Developer presents updated Elm Street plan
By Shannon Beamon, for the SNAP
In an effort to appease a slew of local complaints, developers have modified plans for a potential subdivision off Elm Street in Locust.
The original plans, presented in March, elicited dozens of spoken and written concerns from residents in the area, particularly regarding traffic and the loss of a natural habitat.
Since then developers and City Council have met for two work sessions to discuss how to accommodate those concerns. The revised plans — presented at Thursday night’s city council meeting — were the fruit of that.
According to officials, those plans call for larger lots, lower housing density, fewer cul de sacs and more access points in and out of the development, as well as maintaining a natural area through the center of the development.
“We want to work with you as much as we can,” said Bart Hopper, owner of Hopper Communities, which is planning the subdivision.
However, concerns linger — particularly over the amount of grading that would be needed to build on the hilly site. To look into that further, the city has delayed a decision on Hopper Communities’ plans until its meeting in June.
“This (kind of site plan) is new to us,” said Councilman Harry Fletcher, noting the way the lots are graded on the site.
In order to minimize grading, developers are planning to do “step-down lots” — kind of like terracing, but without the retaining walls.
“The idea is to go with the natural flow of the property,” said Nick __, a site planner with Hopper Communities. “We don’t want to flatten the site. We don’t want to bring in a bunch of soil and raise the site. We want to work with what the site offers, build into the grade.”
In addition, they want to maintain as much of the site’s natural area as possible, since that will appeal to buyers.
To that end, 33 percent of the site will be left as a natural area. About 23 percent — mostly along the creek beds that run through the center of the site — would remain completely undisturbed by construction.
In addition, a few retention ponds would be added in the natural low-lying areas for both run-off and visual, waterside appeal.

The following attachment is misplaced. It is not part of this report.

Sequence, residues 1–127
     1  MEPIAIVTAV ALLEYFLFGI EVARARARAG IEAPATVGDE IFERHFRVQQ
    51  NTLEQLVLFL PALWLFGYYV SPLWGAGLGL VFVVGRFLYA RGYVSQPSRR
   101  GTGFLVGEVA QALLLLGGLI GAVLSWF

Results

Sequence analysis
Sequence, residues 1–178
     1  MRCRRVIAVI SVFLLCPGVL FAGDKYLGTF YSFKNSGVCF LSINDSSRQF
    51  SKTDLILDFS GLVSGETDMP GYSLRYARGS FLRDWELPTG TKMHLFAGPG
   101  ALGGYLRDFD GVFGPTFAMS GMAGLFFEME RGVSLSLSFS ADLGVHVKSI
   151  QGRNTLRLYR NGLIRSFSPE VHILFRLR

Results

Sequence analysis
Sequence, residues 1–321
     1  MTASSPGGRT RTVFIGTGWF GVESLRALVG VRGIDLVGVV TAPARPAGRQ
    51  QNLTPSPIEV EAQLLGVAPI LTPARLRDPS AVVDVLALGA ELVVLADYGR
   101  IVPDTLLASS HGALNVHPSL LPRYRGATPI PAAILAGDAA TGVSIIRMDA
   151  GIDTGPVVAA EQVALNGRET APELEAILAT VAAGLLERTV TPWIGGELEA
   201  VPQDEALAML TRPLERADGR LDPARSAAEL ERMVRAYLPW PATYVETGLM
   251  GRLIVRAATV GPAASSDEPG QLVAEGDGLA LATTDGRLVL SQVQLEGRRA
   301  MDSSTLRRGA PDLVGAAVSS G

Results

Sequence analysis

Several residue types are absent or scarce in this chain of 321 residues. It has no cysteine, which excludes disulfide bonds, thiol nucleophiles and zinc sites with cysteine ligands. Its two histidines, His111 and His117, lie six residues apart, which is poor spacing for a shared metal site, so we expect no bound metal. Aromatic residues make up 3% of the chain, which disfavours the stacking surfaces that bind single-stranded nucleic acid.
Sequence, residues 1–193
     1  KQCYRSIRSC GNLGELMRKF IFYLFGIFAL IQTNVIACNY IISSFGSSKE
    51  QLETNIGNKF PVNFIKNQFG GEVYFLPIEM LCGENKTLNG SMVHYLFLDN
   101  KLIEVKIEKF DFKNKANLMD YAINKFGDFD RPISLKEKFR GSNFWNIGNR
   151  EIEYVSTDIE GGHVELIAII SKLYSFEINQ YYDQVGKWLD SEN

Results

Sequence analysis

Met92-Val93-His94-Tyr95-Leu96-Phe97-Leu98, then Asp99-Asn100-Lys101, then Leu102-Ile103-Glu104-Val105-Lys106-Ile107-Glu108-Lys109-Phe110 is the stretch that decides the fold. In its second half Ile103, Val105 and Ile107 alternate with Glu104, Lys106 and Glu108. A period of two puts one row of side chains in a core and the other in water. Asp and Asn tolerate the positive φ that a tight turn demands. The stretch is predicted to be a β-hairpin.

“It’s a pretty site,” Hopper said. “We don’t want to change that.”
However, community members were not appeased by the reassurance.
“I understand growth is going to happen but … I can’t see this development maintaining the rural heritage of our city,” said Elm Street resident Kelli Coley.
While the number of houses on the site has dropped from about 285 to 265, they are all very concentrated together due to the large natural area at the center of the property, Jeff Almond, whose father lives on Elm Street, said in agreement.
However it was Elm Street resident Joel Whitley, a former roadway engineer, who raised the concern that seemed to weigh most heavily on the city council’s mind.
“I know from experience there is no way to build that without some major grading,” Whitley said.
Even with step down lots, the site is too sloped not to require moving a lot of dirt, he said.
And according to a Locust ordinance, subdivisions that require major grading are not permitted within city limits.
“I guess my question is what constitutes major grading,” Councilman Larry Baucom said.
“And how much exactly is happening here?”
In order to get a more technical definition of major grading, as well as go view some examples of “step-down lots” in other communities, councilors unanimously decided to not make a decision until their next meeting.
At that time, a public hearing is also slated to take place in regards to the subdivision. Anyone wishing to speak about the project may do so.
Modified Elm Street Site Plan
Revised site plans to the Elm Street subdivision include the following changes:
• Bigger Lots: Street-side property lines were extended from 52 feet to 60 feet;
• Lower Density: The number of units was decreased from 285 (2.3 units per acre) to 265 (2.17 units per acre);
• Fewer cul de sacs: The number cul de sacs was reduced from 14 to 10;
• More street connectivity: Along with two connections to Elm Street, new plans call for the development to have roads connecting to South Beverly Drive and Mockingbird Lane;
• Construction adjustments: Access to the development through Mockingbird Lane would be closed during development to prevent construction traffic along that roadway;
• Homes are projected to range in price from $200,000 to $250,000.